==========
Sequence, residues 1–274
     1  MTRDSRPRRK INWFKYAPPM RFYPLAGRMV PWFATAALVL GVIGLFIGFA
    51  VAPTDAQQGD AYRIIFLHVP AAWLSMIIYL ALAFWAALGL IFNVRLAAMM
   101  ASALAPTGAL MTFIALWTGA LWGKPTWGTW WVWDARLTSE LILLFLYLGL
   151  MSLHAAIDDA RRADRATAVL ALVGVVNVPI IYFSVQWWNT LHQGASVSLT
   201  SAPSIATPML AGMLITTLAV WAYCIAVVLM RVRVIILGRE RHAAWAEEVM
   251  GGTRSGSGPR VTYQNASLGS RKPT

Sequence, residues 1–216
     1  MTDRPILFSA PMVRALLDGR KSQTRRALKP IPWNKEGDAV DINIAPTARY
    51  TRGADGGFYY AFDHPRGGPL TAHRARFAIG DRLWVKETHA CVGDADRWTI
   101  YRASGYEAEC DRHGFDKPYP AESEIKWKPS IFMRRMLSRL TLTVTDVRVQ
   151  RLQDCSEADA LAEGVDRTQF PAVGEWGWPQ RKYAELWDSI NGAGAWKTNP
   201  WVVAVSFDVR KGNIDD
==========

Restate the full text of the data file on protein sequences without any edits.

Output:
Sequence, residues 1–274
     1  MTRDSRPRRK INWFKYAPPM RFYPLAGRMV PWFATAALVL GVIGLFIGFA
    51  VAPTDAQQGD AYRIIFLHVP AAWLSMIIYL ALAFWAALGL IFNVRLAAMM
   101  ASALAPTGAL MTFIALWTGA LWGKPTWGTW WVWDARLTSE LILLFLYLGL
   151  MSLHAAIDDA RRADRATAVL ALVGVVNVPI IYFSVQWWNT LHQGASVSLT
   201  SAPSIATPML AGMLITTLAV WAYCIAVVLM RVRVIILGRE RHAAWAEEVM
   251  GGTRSGSGPR VTYQNASLGS RKPT

Sequence, residues 1–216
     1  MTDRPILFSA PMVRALLDGR KSQTRRALKP IPWNKEGDAV DINIAPTARY
    51  TRGADGGFYY AFDHPRGGPL TAHRARFAIG DRLWVKETHA CVGDADRWTI
   101  YRASGYEAEC DRHGFDKPYP AESEIKWKPS IFMRRMLSRL TLTVTDVRVQ
   151  RLQDCSEADA LAEGVDRTQF PAVGEWGWPQ RKYAELWDSI NGAGAWKTNP
   201  WVVAVSFDVR KGNIDD